Former DC publisher Jenette Kahn isn’t mentioned too much around comics these days, but was undoubtedly a pioneering force in comics, helping shepherd in royalties, creator owned comics, Vertigo, Watchmen and many other important things. These days she’s making movies, but here’s a hour long interview with her that was conducted recently at the Chicago Humanities Festival. I haven’t watched the whole thing, but Sean Kleefeld has a write up here and reports an anecdote that “Joe Orlando threw up in the men’s room when he heard that a woman had been put in charge of the company back in 1976.”

Kleefeld wished that Kahn has talked more about the whole “women in comics” thing, but I always got the sense that Kahn wanted to be an important person in publishing, not an important woman in publishing. Anyway, we probably won’t see her likes again.


  1. Did they talk about Dynamite magazine? Her creation of that alone made her “important person in publishing,” at least in my child of the 70s eyes.

    Gotta listen to this later.

  2. Shortly after she became publisher, she, and an entourage of DC suits, stopped by the Charles Levy Circulating Company in Chicago where I worked to meet with CLCC executives and tour their distribution facility on Goose Island. At the time, CLCC had a monopoly on periodical distribution in Chicago and the surrounding area, so since Chicago was then the second largest market in the country, it made sense that DC brass would want to reach out and be on good terms with then.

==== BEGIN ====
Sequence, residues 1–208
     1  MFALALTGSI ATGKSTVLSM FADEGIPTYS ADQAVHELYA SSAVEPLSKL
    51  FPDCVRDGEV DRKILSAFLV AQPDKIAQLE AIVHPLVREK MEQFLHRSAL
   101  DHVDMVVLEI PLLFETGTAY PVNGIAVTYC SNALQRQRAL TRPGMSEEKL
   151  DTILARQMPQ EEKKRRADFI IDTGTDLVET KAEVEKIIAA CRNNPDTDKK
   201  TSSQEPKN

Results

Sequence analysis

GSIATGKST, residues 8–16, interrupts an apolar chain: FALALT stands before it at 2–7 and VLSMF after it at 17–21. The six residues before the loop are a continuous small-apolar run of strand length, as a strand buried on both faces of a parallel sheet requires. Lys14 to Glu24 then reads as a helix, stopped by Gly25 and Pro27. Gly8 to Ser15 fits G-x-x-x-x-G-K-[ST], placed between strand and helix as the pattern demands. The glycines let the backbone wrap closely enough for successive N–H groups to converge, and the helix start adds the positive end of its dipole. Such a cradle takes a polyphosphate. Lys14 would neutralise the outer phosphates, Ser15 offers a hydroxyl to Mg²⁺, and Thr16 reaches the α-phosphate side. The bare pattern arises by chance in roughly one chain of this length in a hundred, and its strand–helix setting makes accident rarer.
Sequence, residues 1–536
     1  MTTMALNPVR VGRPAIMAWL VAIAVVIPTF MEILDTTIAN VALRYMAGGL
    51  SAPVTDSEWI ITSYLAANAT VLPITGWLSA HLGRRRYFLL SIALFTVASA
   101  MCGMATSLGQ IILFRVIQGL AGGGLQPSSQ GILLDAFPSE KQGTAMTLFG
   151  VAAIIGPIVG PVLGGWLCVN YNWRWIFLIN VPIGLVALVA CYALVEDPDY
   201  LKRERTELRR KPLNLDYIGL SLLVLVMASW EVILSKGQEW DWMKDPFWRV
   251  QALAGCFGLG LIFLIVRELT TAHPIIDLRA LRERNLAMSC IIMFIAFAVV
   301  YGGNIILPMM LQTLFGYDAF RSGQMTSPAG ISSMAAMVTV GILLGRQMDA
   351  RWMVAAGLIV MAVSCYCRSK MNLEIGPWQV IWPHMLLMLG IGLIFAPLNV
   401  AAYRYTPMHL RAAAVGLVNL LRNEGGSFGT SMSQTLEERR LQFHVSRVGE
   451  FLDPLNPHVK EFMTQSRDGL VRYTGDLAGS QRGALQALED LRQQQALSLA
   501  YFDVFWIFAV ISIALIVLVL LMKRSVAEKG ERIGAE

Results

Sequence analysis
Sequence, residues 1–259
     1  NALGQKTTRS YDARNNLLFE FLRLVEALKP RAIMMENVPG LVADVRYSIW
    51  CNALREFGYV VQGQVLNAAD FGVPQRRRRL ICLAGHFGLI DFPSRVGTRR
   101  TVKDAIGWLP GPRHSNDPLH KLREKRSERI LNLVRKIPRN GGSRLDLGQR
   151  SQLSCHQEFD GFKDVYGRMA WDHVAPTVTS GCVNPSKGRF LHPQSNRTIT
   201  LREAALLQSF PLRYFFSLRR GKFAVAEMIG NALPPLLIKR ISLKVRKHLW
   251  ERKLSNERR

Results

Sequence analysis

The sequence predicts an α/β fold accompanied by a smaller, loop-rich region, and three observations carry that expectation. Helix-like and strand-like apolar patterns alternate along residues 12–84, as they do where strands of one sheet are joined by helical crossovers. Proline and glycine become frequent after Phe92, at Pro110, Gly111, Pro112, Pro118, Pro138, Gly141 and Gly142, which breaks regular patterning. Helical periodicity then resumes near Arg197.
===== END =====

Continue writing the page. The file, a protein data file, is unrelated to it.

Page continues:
At the time, I was a lowly union order-filler working in the re-order section of CLCC, but I was also the resident comic book nut, and everyone knew it. I had absolutely no idea the DC folks were coming until my boss came walking up to me with Ms. Kahn and the others and introduced us. My boss, however, knew nothing about comic books himself and had no idea I was a Marvel Zombie. So when a beaming Kahn said, with about a half-dozen suits intently listening to every word of our exchange, “What’s your favorite DC comic?” my head almost exploded. But thinking fast, I blurted out, “Jonah Hex.” To which she responded excitedly, “That’s my favorite too!”

    Score one for comic book bipartisan diplomacy!

    My biggest take-away that day is that she was a charming, disarming Lady.

  3. She gave me a chance and I appreciate that.

    She told me that she had a screenplay by Donald Goines but she never showed me that.

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